The FDA is advising parents and caregivers not to buy or feed WanaBana apple cinnamon fruit puree pouches to children because the product may contain elevated levels of lead.
Parents and caregivers of toddlers and young children who may have consumed WanaBana apple cinnamon fruit puree pouches should contact their child’s healthcare provider about getting a blood test, according to the public warning from the Food and Drug Administration.
The company has agreed to voluntarily recall all WanaBana apple cinnamon fruit puree pouches regardless of expiration.
- WanaBana apple cinnamon fruit puree pouches, all lot codes and expiration dates.
- WanaBana apple cinnamon fruit puree pouches are sold nationally and are available through multiple retailers including Sam’s Club, Amazon and Dollar Tree.
- WanaBana has agreed to voluntarily recall all WanaBana apple cinnamon fruit puree pouches regardless of expiration.
The FDA was recently made aware of a developing investigation by the North Carolina Department of Health and Human Services and the North Carolina Department of Agriculture & Consumer Services about four children with elevated blood lead levels, indicating potential acute lead toxicity.
The state investigation identified WanaBana apple cinnamon fruit puree pouches as a potential shared source of exposure. As part of their investigation, the department of health and human services analyzed multiple lots of WanaBana apple cinnamon fruit puree, detecting extremely high concentrations of lead.
The FDA has reviewed and supports the state’s analytical findings and found that analytical results at this level could result in acute toxicity.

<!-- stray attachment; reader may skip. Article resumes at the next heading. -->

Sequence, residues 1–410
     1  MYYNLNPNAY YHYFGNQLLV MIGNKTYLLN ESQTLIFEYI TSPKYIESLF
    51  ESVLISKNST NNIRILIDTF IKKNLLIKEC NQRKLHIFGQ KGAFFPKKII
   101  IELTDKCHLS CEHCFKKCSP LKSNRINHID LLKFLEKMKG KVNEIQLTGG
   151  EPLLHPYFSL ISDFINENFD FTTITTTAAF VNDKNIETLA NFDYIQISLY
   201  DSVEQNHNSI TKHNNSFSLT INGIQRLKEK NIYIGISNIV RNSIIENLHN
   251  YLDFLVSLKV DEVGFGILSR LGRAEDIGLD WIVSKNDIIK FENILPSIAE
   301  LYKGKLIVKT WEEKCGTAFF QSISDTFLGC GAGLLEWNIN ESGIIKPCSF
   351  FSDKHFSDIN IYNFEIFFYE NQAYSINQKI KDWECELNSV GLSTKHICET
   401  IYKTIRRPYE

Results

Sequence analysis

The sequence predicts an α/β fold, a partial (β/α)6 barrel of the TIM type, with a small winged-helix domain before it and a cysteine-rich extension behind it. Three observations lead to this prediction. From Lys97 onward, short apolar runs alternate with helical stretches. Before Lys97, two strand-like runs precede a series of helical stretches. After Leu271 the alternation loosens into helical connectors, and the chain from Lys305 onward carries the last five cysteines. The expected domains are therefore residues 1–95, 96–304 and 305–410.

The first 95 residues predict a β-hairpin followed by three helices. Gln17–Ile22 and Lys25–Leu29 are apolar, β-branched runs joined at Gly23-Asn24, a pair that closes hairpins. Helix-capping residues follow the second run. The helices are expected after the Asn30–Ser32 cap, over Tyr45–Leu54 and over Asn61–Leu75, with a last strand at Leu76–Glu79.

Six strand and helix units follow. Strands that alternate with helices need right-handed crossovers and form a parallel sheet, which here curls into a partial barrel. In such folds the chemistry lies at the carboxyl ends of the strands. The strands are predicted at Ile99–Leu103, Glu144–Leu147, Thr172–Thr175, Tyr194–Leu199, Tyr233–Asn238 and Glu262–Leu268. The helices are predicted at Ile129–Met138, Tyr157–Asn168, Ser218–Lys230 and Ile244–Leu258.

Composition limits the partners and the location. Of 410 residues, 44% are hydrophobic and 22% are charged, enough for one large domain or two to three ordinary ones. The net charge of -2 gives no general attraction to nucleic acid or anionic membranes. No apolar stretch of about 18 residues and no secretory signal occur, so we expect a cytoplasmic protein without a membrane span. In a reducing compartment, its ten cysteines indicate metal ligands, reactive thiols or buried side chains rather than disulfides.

Lead is toxic to humans and can affect people of any age or health status. In children it can result in a variety of problems including learning disabilities.
Protecting children from exposure to lead is important to lifelong good health. Lead exposure in children is often difficult to see. Most children have no obvious immediate symptoms. If there’s suspicion that a child may have been exposed to lead, parents should talk to their child’s healthcare provider about getting a blood test. Although lead can only be diagnosed through clinical testing, signs and symptoms of lead toxicity vary based on exposure.
Short term exposure to lead could result in the following symptoms:
- Abdominal pain/Colic
Longer term exposure could result in additional symptoms:
- Muscle aches or muscle prickling/burning
- Occasional abdominal discomfort
- Difficulty concentrating/Muscular exhaustibility
- Weight loss
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